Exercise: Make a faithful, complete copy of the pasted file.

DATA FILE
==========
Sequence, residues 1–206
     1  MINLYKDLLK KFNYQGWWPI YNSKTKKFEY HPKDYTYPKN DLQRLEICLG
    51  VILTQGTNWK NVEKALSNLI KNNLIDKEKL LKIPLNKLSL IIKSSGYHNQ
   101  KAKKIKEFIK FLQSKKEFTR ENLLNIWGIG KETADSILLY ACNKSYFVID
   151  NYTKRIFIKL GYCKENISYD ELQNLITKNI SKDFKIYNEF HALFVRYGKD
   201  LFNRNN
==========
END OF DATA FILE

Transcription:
Sequence, residues 1–206
     1  MINLYKDLLK KFNYQGWWPI YNSKTKKFEY HPKDYTYPKN DLQRLEICLG
    51  VILTQGTNWK NVEKALSNLI KNNLIDKEKL LKIPLNKLSL IIKSSGYHNQ
   101  KAKKIKEFIK FLQSKKEFTR ENLLNIWGIG KETADSILLY ACNKSYFVID
   151  NYTKRIFIKL GYCKENISYD ELQNLITKNI SKDFKIYNEF HALFVRYGKD
   201  LFNRNN